Bob Dylan @ Roskilde Festival, 3 July

Bob Dylan has never compromised and at Roskilde he proves he's not about to start now, delivering a set heavy on gnarly reinterpretations of his back catalogue

Live Review by Max Sefton | 09 Jul 2019
  • Bob Dylan @ Roskilde Festival, Denmark, 3 Jul

As enthusiastic Danes chant his name to the tune of Bob the Builder, 2016 Nobel Laureate Bob Dylan stomps out on to the giant orange main stage at Roskilde. The sun dipping behind the stage lends a warm glow to a set heavy on gnarly, and at times disconcerting, reinterpretations of a series of Dylan classics.

His long time opposition to big screens appears to have abated, because the field is so packed that many of those in attendance would have no chance of seeing the Minnesota-born songwriter and his loose band of song and dance men otherwise. Clad in a white neckerchief and a spotted shirt, Dylan pounds the piano for an opening Things Have Changed before a splendidly grizzled backwoods version of It Ain’t Me Babe, which serves as a manifesto of what is to come. If you were expecting Bob Dylan to kick back and play the hits, you’ve got another thing coming.

Though he seems keen to play fast and loose with his own songbook, even Dylan can’t obscure the brilliance that runs through many of these songs. Simple Twist of Fate is stunning, while a soulful Make You Feel My Love reclaims his song from saccharine balladry and proves that even in his later years, he’s a songwriter like few others.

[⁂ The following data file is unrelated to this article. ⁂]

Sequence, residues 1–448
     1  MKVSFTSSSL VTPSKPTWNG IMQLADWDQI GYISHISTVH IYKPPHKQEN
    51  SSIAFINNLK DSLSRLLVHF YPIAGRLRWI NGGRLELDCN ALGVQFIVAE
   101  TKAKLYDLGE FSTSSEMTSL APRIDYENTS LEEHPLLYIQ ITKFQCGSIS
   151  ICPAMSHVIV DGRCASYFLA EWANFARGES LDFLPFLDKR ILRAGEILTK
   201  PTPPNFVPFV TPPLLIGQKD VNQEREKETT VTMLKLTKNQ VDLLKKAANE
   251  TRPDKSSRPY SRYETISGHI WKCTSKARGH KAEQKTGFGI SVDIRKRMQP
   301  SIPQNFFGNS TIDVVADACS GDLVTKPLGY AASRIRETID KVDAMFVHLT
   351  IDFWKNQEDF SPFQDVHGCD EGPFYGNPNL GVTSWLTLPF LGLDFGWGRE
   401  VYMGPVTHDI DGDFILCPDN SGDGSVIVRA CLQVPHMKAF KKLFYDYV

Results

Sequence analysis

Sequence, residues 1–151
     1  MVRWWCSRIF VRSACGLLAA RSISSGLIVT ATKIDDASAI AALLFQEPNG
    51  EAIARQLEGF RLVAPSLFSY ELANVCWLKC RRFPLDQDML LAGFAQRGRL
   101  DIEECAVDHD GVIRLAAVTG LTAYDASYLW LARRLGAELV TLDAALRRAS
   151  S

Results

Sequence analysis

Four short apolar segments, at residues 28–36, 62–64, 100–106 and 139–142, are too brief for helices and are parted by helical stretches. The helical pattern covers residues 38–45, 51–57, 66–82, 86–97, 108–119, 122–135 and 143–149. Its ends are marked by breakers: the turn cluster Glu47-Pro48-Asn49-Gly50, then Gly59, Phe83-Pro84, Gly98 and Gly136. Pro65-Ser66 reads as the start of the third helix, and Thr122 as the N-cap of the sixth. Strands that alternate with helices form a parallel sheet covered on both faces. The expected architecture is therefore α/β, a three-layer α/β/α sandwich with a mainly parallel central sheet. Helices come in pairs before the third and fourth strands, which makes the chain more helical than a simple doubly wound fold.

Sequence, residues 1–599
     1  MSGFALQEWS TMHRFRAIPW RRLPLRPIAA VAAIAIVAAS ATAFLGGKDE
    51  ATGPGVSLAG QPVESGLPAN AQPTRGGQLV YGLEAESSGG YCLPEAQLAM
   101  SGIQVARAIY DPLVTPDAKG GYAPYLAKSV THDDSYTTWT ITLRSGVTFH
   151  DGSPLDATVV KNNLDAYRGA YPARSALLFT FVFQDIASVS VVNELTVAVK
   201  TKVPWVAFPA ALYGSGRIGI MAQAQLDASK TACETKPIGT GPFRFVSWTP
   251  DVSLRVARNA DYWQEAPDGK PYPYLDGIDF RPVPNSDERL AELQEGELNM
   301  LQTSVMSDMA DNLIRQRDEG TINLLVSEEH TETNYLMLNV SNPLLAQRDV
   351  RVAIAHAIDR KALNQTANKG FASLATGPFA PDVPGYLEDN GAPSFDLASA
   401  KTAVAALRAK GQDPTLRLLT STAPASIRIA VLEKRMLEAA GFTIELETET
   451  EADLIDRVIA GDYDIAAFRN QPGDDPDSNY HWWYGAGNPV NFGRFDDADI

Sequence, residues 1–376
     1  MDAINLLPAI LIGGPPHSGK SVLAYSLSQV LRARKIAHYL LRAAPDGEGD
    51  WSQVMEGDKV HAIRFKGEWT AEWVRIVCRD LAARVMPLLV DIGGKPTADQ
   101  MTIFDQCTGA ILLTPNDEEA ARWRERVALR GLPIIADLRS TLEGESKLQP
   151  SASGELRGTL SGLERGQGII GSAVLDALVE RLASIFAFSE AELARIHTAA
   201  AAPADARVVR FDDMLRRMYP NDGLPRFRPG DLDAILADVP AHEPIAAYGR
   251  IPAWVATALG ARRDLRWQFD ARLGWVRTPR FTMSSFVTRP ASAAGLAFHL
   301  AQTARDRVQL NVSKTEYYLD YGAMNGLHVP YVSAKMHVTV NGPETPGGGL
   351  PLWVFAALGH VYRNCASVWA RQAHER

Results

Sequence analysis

It takes the gruesomely bitter Pay in Blood – sample lyric: 'I pay in blood, but not my own' – to elicit a grin but even with his best known material there's a sense that Dylan is still having fun twisting them into new shapes and playing tricks on his audience.

It doesn’t always work though. Like a Rolling Stone is the kind of track that towers over every act that releases a great debut and a rapidly written follow-up about the downsides of fame; here it takes 30 seconds for the audience to even twig what track he's playing. What’s more, the pace sags notably in a lengthy Early Roman Kings and a nasal Girl from the North Country that suggests even Dylan is not quite sure what to do with his more conventionally sincere moments.

A stripped-back band of hard-drilled industry vets adapt on the fly to the singer’s asymmetrical approach to his back catalogue, ripping up a storm on Gotta Serve Somebody, a rare slice of brilliance salvaged from Dylan’s mostly atrocious born again Christian phase. 

For a famous man of words, he has little to say to the audience, content with a brief thank you and an awkward bow that leaves the audience unsure if he’s returning for an encore. Thankfully he must be feeling munificent after all, delivering two of his oldest and most recognisable tracks including a fiddle-propelled Blowin’ in the Wind delivered in a ragged croak Tom Waits would be proud of.

And with that Bob Dylan is off into the night. He’s never compromised before and he’s sure as hell not about to start now.